Laura Williams-Tracy filed this national report for City Business Journals on the important topic of the role that nurse practitioners play in healthcare. She featured Tryon Medical Partners’ Olivia Garcia in the article that first appeared in Buffalo Business First, May 8, 2020.
Highlights of the article are below; please read the article in its entirety here.
As a nurse practitioner in Charlotte, North Carolina, Olivia Garcia can prescribe injectable insulin to treat a patient’s diabetes, but she is not allowed to write that same patient a prescription for diabetic shoes.
Such are the limitations that NPs work under in 28 states that limit practice authority for nurse practitioners. Instead, NPs in those states must work with an overseeing physician.
But amid the Covid-19 pandemic and a shortage of primary care physicians, a number of states have taken temporary measures to suspend such practice-agreement requirements.
The National Academy of Medicine and National Council of State Boards of Nursing have recommended all states provide NPs full practice authority. But the American Medical Association, which represents 200,000 member physicians, and a grassroots group called Physicians for Patient Protection, oppose relaxing the rules for NPs.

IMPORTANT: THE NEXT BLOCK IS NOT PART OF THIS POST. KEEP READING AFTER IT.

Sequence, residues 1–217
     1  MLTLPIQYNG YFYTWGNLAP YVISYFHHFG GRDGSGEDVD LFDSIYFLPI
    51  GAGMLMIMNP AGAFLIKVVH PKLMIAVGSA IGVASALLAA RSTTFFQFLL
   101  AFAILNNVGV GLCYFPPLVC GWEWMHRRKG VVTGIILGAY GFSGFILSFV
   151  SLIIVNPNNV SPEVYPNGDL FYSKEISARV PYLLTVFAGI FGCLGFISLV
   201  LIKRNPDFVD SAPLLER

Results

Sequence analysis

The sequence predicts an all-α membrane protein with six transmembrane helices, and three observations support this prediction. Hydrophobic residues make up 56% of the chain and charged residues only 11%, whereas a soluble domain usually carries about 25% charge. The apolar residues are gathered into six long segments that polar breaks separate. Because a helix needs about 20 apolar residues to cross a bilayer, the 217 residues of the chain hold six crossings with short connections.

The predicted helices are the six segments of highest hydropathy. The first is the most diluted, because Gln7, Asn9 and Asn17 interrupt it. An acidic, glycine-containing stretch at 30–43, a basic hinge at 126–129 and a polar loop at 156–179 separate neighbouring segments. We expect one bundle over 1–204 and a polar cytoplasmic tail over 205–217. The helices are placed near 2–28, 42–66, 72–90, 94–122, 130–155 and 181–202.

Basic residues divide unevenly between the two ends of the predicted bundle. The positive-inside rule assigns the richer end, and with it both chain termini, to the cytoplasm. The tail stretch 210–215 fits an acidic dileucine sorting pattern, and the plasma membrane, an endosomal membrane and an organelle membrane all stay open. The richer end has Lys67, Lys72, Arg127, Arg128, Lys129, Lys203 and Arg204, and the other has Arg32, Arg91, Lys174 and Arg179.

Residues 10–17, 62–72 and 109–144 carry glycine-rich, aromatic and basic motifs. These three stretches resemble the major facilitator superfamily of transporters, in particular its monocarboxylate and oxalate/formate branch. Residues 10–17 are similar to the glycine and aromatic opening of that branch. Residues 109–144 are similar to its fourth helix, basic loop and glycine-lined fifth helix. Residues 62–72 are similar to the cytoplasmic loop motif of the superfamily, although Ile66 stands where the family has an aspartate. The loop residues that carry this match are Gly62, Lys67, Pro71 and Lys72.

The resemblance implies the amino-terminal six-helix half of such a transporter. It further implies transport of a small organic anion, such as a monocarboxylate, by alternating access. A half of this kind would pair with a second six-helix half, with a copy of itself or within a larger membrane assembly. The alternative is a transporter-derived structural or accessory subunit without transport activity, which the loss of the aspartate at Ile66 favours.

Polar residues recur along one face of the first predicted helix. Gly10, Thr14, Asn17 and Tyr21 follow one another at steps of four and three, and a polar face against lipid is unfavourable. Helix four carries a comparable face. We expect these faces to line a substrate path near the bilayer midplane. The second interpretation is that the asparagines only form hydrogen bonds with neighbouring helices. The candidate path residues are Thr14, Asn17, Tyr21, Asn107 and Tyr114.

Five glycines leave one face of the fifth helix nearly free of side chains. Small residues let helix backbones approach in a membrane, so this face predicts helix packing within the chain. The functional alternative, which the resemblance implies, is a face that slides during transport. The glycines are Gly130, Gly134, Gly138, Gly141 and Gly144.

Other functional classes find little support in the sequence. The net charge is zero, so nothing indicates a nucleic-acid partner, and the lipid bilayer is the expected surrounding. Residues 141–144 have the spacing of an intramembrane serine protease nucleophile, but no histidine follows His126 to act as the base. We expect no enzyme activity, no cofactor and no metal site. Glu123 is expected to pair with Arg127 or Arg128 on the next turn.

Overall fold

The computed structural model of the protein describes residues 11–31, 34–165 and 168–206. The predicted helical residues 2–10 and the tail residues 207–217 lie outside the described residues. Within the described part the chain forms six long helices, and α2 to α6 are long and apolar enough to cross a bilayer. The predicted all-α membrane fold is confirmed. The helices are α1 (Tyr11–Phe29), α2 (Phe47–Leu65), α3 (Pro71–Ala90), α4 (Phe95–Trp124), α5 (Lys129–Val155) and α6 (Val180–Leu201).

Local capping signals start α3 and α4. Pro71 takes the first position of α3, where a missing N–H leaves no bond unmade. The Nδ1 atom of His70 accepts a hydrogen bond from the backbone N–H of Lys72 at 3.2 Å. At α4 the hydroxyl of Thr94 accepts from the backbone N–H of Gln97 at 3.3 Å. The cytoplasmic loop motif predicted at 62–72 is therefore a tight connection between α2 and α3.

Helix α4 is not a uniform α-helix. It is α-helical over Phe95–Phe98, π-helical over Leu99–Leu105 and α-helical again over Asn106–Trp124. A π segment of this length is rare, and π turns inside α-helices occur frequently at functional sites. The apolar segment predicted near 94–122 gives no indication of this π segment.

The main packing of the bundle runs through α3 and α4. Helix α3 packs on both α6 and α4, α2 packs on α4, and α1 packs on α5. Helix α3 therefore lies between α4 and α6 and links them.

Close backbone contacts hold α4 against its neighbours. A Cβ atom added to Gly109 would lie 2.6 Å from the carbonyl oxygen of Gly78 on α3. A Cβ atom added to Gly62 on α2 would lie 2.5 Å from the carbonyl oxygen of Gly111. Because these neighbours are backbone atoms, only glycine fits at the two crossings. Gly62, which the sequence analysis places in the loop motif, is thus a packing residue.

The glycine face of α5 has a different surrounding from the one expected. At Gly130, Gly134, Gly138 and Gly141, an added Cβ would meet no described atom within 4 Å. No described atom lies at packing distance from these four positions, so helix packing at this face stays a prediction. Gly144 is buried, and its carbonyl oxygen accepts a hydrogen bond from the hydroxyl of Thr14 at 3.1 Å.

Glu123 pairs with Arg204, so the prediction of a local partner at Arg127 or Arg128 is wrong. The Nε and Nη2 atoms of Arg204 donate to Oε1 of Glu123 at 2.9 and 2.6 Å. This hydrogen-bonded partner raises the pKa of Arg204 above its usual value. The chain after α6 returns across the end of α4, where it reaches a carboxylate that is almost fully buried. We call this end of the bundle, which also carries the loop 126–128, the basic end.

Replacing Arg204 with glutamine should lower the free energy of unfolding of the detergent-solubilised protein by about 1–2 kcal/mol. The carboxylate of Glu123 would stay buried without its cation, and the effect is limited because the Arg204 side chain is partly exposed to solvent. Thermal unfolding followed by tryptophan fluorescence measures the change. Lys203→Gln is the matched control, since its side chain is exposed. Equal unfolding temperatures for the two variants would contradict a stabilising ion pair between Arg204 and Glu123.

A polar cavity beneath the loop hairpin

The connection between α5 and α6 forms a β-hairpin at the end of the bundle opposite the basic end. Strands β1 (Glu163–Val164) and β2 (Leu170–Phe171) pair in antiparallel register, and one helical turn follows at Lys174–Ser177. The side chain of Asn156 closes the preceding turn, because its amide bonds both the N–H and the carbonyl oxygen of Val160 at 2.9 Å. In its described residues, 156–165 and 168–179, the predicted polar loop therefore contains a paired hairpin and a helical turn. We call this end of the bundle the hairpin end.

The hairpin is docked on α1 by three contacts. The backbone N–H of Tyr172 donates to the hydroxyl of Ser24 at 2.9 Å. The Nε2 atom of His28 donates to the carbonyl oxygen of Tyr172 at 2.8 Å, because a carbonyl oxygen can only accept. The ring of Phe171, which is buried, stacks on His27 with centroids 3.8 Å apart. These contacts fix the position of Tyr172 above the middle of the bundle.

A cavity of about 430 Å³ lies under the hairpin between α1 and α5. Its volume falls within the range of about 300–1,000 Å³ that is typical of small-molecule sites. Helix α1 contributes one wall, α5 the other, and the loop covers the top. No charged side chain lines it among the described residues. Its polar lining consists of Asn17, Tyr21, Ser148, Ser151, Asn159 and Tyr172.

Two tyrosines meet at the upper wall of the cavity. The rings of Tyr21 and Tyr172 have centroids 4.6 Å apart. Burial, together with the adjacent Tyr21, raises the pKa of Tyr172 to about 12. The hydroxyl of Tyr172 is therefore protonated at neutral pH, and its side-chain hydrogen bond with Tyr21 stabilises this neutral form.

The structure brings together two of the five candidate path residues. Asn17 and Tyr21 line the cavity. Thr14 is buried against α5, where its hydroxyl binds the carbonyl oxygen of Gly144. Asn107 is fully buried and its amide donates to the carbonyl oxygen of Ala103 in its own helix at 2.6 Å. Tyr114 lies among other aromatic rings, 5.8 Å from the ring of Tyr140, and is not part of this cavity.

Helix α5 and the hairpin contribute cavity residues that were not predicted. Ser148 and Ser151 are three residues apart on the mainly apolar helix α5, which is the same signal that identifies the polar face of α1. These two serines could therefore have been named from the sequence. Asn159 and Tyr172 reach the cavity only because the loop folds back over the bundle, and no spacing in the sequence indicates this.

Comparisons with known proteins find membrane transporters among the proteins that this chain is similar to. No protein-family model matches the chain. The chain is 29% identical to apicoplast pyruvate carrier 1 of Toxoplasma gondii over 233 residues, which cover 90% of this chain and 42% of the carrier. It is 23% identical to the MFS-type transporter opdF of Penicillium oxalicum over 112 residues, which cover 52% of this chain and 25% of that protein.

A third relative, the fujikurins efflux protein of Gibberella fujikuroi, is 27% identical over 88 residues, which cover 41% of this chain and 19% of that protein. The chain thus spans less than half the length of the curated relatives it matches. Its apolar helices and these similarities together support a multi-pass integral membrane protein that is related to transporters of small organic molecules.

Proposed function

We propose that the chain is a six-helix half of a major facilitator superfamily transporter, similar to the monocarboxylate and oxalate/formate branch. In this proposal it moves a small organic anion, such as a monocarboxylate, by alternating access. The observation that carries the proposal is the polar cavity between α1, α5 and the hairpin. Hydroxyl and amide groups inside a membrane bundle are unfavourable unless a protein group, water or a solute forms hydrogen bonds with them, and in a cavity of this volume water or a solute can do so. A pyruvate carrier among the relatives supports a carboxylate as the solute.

Garcia, who works with Tryon Medical Partners in Charlotte, earned her nursing degree and certification from Vanderbilt University.
“There is a primary care shortage, and nurse practitioners are a great way to fill that gap,” Garcia said. “I’m very curious to see if it takes something like this terrible disaster for us to realize we need less restrictions.”
Peter Buerhaus, a professor at Montana State University who studies health-care employment trends, said the practice authority debate is a health-care silo that needs to come down, especially given that 80 million people in the United States are without access to primary care.
“There’s a mountain of evidence showing the care provided by nurse practitioners is completely safe and very good,” Buerhaus said. “Physicians associations over-exaggerate their worry of the economic consequences. The patient is lost in this.”